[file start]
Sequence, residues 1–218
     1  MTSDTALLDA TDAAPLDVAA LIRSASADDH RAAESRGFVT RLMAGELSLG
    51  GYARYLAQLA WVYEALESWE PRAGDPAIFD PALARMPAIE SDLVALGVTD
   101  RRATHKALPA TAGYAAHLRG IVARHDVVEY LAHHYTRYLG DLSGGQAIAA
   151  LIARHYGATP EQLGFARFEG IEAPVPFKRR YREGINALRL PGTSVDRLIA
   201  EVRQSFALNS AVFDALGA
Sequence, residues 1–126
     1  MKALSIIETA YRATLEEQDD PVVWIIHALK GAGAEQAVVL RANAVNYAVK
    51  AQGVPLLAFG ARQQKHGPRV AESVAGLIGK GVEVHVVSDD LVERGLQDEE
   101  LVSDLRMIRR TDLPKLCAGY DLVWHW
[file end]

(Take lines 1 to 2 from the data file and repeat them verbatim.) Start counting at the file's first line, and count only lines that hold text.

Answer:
Sequence, residues 1–218
     1  MTSDTALLDA TDAAPLDVAA LIRSASADDH RAAESRGFVT RLMAGELSLG